Theory of mind (ToM) is defined as the ability to imagine and reason about states of mind that others hold. This skill is essential for functioning in the social world and core deficits in ToM are seen in the autism spectrum disorder (ASD) population. Recent studies have shown ToM to be functionally lateralized on the right side of the brain, specifically located in the right temporoparietal junction (RTPJ; Saxe & Wexler, 2005). This study examined to what extent ToM is right lateralized, and sought to test the right lateralization account with a behavioural study. A series of 3 experiments were performed, which compared participants’ reaction times to ToM information presented to the left and right visual fields and motor responses with left and right hands. Based on well-established findings of the motor advantages of one’s dominant hand (Annett, 1970), a right hand advantage on the present task was predicted if ToM is bilaterally distributed across the two sides of the brain. However, if ToM is right lateralized, the left hand should receive its own advantage because the right hemisphere controls it, which predicts that the left hand should be as fast as, if not faster, than the right hand. No significant differences between the two presentation sides or responding hands were found, thus providing moderate support for the right lateralization of ToM. The implications of this in terms of the ASD population are discussed, as well as suggestions for future research that will build upon this finding.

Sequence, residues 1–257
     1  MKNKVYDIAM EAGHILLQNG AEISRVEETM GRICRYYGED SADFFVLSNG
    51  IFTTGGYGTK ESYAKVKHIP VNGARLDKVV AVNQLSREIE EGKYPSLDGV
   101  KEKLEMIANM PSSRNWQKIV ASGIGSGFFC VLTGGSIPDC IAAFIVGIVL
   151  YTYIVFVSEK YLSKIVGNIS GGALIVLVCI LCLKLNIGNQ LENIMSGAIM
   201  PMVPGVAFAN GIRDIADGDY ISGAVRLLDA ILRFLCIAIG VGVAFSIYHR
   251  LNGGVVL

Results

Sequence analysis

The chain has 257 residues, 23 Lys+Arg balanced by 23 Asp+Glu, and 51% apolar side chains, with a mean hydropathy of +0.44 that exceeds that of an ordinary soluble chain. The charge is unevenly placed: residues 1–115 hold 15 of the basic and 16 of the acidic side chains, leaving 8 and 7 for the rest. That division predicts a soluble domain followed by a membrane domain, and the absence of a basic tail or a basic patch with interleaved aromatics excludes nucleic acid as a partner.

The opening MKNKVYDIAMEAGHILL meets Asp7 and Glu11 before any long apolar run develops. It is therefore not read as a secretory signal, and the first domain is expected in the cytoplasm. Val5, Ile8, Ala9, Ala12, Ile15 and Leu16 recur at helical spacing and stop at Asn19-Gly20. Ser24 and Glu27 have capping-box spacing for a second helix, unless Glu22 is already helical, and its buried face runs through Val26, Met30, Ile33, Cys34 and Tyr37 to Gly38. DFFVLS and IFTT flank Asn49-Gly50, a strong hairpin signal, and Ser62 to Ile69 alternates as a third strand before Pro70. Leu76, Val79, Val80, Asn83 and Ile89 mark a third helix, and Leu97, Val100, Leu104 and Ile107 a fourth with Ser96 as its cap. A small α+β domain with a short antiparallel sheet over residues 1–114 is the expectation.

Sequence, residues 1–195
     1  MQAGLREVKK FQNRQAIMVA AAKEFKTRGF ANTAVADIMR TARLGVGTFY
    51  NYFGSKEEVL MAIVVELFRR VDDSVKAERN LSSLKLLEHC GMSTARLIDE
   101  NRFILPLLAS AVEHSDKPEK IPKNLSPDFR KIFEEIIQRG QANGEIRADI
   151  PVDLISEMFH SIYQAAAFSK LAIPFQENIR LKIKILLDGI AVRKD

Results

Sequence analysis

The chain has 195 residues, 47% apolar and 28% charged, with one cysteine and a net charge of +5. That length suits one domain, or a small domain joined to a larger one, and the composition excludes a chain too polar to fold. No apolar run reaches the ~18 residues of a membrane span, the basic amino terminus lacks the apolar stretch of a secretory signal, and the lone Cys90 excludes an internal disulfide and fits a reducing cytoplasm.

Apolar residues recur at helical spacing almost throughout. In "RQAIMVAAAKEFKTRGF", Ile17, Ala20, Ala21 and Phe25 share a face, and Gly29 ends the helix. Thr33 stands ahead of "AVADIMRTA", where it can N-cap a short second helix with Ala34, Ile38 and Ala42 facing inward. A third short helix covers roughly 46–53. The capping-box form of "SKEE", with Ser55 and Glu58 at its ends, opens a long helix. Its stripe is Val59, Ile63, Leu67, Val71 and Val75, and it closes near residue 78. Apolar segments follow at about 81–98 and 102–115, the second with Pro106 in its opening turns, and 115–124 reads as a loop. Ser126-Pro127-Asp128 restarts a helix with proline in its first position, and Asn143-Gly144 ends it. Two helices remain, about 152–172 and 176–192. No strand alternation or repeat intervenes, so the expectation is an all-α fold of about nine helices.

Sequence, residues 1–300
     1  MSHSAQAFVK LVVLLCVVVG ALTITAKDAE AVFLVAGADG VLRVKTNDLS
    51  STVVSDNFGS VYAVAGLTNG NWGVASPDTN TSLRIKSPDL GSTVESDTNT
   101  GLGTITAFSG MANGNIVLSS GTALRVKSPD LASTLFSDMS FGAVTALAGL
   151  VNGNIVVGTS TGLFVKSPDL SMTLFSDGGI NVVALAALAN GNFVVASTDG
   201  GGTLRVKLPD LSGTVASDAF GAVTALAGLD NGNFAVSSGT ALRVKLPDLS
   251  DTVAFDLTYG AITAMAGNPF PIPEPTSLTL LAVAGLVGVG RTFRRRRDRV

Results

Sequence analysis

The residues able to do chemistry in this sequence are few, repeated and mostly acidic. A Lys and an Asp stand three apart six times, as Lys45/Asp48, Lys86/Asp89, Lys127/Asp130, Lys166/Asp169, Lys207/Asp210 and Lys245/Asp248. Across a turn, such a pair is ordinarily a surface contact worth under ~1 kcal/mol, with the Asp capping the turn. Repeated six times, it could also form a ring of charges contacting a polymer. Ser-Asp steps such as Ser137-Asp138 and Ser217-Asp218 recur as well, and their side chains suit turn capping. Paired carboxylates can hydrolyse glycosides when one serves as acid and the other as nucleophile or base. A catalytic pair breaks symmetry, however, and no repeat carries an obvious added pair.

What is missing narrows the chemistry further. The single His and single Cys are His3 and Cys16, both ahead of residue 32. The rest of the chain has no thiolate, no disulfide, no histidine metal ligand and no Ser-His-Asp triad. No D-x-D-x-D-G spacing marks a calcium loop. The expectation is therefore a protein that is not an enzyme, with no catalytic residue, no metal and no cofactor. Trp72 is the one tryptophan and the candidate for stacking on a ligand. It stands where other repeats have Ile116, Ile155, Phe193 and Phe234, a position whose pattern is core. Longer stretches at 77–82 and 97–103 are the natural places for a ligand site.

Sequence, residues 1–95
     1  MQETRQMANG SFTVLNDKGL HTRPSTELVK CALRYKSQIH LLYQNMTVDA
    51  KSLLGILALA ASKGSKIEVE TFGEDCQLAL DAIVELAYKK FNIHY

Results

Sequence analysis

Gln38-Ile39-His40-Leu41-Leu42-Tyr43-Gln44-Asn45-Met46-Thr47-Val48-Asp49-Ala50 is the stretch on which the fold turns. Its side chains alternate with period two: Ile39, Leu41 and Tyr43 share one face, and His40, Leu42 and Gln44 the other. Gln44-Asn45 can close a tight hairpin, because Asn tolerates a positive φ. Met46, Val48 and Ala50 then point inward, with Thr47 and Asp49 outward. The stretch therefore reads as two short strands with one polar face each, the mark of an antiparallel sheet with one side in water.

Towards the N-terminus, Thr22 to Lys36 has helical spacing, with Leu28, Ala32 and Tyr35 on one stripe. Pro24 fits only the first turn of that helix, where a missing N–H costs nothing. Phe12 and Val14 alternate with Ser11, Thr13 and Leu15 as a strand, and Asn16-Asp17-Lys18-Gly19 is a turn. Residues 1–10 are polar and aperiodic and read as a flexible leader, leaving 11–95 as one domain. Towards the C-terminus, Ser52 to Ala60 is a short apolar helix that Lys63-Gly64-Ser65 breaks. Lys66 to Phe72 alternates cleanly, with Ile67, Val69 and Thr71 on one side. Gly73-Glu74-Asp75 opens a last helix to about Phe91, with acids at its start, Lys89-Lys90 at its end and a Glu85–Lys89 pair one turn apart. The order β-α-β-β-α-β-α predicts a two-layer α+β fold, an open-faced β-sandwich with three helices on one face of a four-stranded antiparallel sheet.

Zevy, D., & Cohen, A. (2016). Hemispheric Lateralization of Theory of Mind. Western Undergraduate Psychology Journal, 4 (1). Retrieved from http://ir.lib.uwo.ca/wupj/vol4/iss1/7